We have another reader’s VPN question to answer this week. If you would like to ask us a network security-related question, drop us a line at email@example.com.
I guess I’m what you call a road warrior – traveling thousands of miles a year for business, regularly connecting to my company’s network offsite. When I’m working from home or at client site, I have no connection issues. Where I run into trouble is when I’m connecting from a hotel. Either I’ll find a connection and then lose it, or I’ll be connected, but my VPN access is denied. What’s even more frustrating is when there’s simply no connection at all. Any suggestions?
Confused road warrior
Dear Confused Road Warrior,
First things first, always check with your IT administrators on configuration of you laptop and tell the Help Desk what’s going on – they need to log the situation and troubleshoot for you. By way of background based on your explanation, it sounds like you’re the victim of overlapping subnets or a restrictive hotel firewall.
An overlapping subnet is when you establish a connection from the VPN client to another network with the same private IP address range. When this happens the IP addresses overlap with each other.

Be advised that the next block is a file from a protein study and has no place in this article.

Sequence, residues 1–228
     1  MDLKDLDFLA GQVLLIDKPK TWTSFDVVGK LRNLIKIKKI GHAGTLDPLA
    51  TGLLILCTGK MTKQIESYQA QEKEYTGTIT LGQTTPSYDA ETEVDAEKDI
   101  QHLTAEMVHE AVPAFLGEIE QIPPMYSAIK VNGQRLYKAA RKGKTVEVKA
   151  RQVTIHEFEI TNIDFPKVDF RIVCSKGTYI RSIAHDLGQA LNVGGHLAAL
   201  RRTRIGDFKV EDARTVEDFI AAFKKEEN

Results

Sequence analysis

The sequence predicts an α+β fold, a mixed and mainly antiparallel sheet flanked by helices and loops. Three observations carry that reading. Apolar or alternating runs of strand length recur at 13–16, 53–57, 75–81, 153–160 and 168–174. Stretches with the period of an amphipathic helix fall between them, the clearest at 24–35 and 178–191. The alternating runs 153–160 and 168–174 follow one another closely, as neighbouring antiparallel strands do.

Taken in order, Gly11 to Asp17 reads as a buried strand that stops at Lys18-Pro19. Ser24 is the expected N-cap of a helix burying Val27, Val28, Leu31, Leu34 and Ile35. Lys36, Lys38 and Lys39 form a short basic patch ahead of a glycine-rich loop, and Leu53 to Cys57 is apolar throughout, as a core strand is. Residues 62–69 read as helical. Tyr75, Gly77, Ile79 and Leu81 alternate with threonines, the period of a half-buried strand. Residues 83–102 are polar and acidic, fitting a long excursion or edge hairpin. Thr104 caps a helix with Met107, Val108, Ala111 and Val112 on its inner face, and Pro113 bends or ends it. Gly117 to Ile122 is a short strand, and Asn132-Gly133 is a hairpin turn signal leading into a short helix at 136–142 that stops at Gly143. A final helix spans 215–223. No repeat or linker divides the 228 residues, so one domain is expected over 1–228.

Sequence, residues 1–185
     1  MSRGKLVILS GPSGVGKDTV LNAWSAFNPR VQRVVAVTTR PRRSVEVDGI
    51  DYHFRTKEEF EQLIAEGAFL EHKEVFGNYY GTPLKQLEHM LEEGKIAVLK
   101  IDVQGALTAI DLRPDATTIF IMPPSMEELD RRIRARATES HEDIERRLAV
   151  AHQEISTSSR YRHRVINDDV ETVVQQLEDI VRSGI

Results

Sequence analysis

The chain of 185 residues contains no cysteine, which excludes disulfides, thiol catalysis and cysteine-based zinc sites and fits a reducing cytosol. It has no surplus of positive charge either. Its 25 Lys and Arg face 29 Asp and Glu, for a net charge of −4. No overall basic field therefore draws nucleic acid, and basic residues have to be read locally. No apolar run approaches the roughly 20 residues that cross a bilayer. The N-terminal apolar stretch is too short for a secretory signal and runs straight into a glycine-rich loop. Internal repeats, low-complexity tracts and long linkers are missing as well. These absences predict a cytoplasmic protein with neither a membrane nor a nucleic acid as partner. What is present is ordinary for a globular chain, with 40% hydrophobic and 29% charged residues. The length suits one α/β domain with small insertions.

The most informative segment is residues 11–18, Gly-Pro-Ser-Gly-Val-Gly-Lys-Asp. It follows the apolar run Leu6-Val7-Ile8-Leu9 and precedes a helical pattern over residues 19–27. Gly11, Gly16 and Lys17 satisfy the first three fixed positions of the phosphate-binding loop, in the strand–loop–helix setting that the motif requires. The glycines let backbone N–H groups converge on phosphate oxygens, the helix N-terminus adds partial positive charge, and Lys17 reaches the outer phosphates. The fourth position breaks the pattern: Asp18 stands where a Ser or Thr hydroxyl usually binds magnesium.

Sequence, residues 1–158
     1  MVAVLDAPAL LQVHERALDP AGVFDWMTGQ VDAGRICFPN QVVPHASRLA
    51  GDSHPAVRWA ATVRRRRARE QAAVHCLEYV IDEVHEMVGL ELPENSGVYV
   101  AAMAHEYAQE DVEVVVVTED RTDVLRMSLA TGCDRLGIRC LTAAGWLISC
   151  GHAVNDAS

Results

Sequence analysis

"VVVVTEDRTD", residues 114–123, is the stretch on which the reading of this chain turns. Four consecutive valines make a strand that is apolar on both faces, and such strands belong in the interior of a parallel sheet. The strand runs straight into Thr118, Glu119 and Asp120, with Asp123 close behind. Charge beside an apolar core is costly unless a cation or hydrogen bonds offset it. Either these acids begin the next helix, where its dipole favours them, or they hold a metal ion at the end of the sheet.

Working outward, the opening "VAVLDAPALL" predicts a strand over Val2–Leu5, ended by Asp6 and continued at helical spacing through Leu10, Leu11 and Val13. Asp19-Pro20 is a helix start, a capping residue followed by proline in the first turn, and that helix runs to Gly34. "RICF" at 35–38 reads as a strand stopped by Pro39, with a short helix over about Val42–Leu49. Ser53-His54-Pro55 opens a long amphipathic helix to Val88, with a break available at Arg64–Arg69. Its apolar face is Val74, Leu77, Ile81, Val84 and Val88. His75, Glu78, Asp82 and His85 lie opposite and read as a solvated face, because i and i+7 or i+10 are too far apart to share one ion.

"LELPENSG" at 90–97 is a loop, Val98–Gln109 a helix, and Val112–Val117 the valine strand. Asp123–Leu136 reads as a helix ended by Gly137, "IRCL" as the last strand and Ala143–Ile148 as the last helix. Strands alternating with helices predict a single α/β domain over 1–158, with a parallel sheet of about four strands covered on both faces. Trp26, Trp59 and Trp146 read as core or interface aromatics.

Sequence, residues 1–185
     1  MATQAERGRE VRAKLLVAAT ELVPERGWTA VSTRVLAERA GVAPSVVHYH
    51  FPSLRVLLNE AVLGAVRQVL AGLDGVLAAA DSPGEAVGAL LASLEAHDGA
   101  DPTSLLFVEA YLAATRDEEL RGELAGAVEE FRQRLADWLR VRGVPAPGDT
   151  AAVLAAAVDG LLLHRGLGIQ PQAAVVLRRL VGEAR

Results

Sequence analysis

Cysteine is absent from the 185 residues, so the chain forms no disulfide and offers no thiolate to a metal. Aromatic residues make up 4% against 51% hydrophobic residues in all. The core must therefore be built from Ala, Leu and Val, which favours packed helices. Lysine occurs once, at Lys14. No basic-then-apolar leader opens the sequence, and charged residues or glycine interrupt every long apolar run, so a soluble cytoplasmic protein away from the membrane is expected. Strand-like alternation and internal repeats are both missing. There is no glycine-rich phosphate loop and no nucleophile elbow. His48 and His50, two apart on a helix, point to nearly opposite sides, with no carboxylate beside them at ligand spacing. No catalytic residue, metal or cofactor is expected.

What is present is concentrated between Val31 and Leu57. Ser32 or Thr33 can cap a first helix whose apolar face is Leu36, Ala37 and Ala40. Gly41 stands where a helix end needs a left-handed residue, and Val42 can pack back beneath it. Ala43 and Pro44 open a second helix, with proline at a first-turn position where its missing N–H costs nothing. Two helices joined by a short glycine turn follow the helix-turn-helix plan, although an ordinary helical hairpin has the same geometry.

You tend to run into this when you’re on the road because the hotel router assigns your machine a private IP address range—say 192.168.1—and this address matches the office’s IP address. When your VPN client connects it’s using the source IP address it currently has—the home network or your office network—and the gateway you’re connecting to sees this as an internal (local) address. Thus subnets overlap and deny your VPN connection.
[If you’re curious about the technical description of overlapping subnets, we spoke to NCP’s engineering team, Lost Connections? Overlapping Subnets may be your culprit]
The other possibility is that the hotel’s firewall is too restrictive and it prevents your typical IPsec connection. Typically, your IPsec client won’t work in this situation because the encapsulated security payload (ESP) frames are dropped or modified by the router. However, there are some IPsec clients available that have features that allow for remote access behind firewalls and with settings to prevent IPsec-based data traffic. If this is a big problem for you, ask your IT manager to set you up with a different IPsec client that can navigate this for you automatically. The right tools are always better than finding workarounds for the wrong tool.
– The VPN Haus Editors
Send us your network security questions at firstname.lastname@example.org.